Next, very carefully, the ribs were scored just enough, to allow later removal of the unwanted rib section. Deep enough to allow following the scored line, but not too much to separate the rib (90% success...)

In order to add some stability for when the ribs are cut, external temporary strips were added. These will later be removed with thinner, but only after everything else is glued in place.

Next, with a slow steady hand  :'(, the scored balsa is cut through and you get a structure ready for glueing. A light pass with a thin sandpaper block will ensure all ribs are exactly the same. To follow...

Just my personal way of ensuring undistorted and exactly matching surfaces...
Attached files Thumbnail(s):
Re: Sikorsky S-39 "Spirit of Africa"
Re: Sikorsky S-39 "Spirit of Africa"
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Re: Sikorsky S-39 "Spirit of Africa"
« Last Edit: February 16, 2018, 12:56:19 PM by g_kandylakis » Logged

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« Reply #6 on: February 16, 2018, 12:33:54 PM »

And here is an extra, which you do not see in free flight...

The aileron bellcrank assembly, so far on the left wing only.

A simple balsa base and a 0,4mm ply bellcrank. All holes are lined with thin brass tubing, to ensure minimum friction and minimum play.

Especially the later is most important for free flight. The control surfaces need to be completely "locked" in order to get consistent flights. In RC this is not such a major problem, of course it is always better to have zero play.

Driving rod is 0,3mm carbon, fed through holes in the ribs. Weight penalty is small at such size, as is the distortion through the continuous support provided by all ribs.
Attached files Thumbnail(s):
Re: Sikorsky S-39 "Spirit of Africa"
Re: Sikorsky S-39 "Spirit of Africa"
Re: Sikorsky S-39 "Spirit of Africa"
Re: Sikorsky S-39 "Spirit of Africa"
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« Reply #7 on: February 16, 2018, 12:52:30 PM »

Sikorsky had some great amphibians in the late 20's - 30's era.  Another great one is the S-38.  This one, originally owned by the S.C. Johnson company, was used to fly around South America scouting for sources of Carnuba wax.  Both of these planes would be fun builds if you love rigging!



Attached files Thumbnail(s):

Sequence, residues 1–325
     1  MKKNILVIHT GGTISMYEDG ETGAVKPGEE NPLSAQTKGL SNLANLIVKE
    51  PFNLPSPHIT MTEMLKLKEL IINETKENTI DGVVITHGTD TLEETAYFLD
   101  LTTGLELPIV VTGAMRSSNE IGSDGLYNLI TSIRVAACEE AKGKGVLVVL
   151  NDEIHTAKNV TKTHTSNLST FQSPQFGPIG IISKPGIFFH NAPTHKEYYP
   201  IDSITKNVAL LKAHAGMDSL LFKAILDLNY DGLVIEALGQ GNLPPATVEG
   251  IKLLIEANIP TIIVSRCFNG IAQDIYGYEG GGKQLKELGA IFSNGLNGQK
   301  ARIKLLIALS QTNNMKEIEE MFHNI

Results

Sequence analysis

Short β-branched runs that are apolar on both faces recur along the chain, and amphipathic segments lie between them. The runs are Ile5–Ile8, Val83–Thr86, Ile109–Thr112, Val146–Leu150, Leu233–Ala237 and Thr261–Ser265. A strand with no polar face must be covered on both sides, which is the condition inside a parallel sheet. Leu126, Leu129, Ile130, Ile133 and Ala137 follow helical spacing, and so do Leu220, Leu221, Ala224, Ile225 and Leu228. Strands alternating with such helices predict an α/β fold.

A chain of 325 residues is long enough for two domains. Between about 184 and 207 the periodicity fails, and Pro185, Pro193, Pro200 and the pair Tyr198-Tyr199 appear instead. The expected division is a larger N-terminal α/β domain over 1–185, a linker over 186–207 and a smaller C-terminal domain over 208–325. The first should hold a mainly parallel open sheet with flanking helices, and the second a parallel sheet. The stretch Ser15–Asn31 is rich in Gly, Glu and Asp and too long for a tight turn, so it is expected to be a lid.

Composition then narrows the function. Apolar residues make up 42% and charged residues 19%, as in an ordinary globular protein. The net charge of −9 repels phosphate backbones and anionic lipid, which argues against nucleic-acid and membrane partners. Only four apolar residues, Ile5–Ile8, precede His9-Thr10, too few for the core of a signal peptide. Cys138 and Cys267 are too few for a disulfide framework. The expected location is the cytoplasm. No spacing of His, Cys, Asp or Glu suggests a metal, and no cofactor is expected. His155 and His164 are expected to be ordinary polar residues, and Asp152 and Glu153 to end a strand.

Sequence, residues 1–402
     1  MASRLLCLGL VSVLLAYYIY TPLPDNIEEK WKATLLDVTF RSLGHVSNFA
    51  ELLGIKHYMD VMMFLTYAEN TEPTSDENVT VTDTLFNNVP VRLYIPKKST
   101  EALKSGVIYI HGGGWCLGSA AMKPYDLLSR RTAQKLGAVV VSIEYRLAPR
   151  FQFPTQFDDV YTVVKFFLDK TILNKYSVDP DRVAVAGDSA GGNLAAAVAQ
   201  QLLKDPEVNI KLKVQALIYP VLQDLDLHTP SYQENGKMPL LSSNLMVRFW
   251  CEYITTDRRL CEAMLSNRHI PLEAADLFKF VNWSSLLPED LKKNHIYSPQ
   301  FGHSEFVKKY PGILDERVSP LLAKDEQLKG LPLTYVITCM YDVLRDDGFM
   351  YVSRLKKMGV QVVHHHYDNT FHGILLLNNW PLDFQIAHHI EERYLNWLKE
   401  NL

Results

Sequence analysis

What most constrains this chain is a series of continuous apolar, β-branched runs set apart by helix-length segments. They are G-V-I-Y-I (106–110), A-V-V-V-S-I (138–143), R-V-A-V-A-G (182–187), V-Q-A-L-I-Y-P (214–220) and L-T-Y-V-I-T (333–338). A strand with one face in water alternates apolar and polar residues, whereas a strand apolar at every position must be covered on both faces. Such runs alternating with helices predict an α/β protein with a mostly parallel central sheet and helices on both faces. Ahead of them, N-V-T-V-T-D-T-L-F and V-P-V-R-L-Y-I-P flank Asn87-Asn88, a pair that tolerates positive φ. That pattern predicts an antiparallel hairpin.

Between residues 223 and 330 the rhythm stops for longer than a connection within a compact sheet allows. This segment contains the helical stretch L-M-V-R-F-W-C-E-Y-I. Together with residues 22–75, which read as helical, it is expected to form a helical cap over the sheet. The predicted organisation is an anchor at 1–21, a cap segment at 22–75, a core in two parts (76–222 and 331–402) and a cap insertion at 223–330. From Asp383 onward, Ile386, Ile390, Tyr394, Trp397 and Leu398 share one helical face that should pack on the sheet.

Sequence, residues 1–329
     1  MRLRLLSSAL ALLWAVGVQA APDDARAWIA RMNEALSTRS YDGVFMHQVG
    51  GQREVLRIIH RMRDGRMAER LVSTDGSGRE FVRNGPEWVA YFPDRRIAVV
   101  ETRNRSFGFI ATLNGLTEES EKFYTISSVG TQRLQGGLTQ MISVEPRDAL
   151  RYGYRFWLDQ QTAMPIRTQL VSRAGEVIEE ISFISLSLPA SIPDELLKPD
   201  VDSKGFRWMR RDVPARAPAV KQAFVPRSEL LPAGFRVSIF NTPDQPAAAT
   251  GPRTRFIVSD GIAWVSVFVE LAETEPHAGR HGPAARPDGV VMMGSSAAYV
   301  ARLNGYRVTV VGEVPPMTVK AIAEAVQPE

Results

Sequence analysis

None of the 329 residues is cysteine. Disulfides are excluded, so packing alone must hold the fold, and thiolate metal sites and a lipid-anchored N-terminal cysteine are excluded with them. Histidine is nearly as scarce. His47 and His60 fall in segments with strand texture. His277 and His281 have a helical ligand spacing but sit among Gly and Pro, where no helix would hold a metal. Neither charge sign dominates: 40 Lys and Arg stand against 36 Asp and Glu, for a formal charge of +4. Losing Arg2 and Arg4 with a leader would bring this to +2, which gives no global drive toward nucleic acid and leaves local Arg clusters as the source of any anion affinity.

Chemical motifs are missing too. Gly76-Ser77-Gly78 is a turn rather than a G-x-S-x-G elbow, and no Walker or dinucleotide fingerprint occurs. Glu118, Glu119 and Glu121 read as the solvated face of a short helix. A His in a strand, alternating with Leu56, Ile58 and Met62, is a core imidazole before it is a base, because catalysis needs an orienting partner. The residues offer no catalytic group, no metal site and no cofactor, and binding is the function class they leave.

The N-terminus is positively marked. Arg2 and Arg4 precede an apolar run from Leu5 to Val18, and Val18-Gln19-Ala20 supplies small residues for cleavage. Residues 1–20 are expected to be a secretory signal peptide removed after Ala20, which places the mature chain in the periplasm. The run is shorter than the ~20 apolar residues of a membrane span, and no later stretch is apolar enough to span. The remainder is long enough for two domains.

Re: Sikorsky S-39 "Spirit of Africa"
Re: Sikorsky S-39 "Spirit of Africa"
Re: Sikorsky S-39 "Spirit of Africa"
« Last Edit: March 16, 2019, 05:18:19 PM by Ratz » Logged
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« Reply #8 on: February 16, 2018, 01:57:55 PM »

Very nice George,
I wonder how much weight is really saved with hollowed ribs? I would guess that you could have gone with solid ribs and then used top and bottom I beam spars constructed with 1/32 to get a lighter stronger wing (maybe??). Either way the effect is nice.

BG
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« Reply #9 on: February 16, 2018, 02:40:37 PM »

Hi Bernard,

interesting question, woke up the engineer in me (my profession, actually  Grin)

I did some measurments and calculations:

weight of rib without lightening holes = 100%
weight of ribs with lightening holes = 66%

(not taking into acount the necessary holes for spars...)

Ribs are 0,8 mm thick, I happened to have weighed them during making, weight was 0,03 grams. So, a rib with no holes would weigh 0,03/66% = 0,454 gr.
The extra weight would be 0,0154 gr per rib.

There are roughly 61 ribs (double count for the thicker joining ribs), so the total additional weight would be 0,93 grams, roughly 1 gram.

Expected wing structure is 5,5-6 grams, (4,5 grams  so far without some LE sheeting missing)

Model weight hoped at 45 grams.

So, we are talking about 2% more.

A gram here, a gram there, yes I think it makes sense to save wherever I can... Plus, it looks better  Grin

George
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« Reply #10 on: February 16, 2018, 03:54:17 PM »

Thanks for crunching the numbers George. You omitted the weight saving from using 1/32 I beam spars though .... looks like you are using solid 3/32 spars. My intuition is that it would all come out in the wash in the end, with the addition that solid rib and I beam spar wings are easier and faster to make.

 Wink
BG
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« Reply #11 on: February 16, 2018, 04:11:11 PM »

Yes, you are correct, I only thought of the ribs.

Spars are 2mm thick, the lightest C-grain I had. Total spar weight was about 1,5 grams.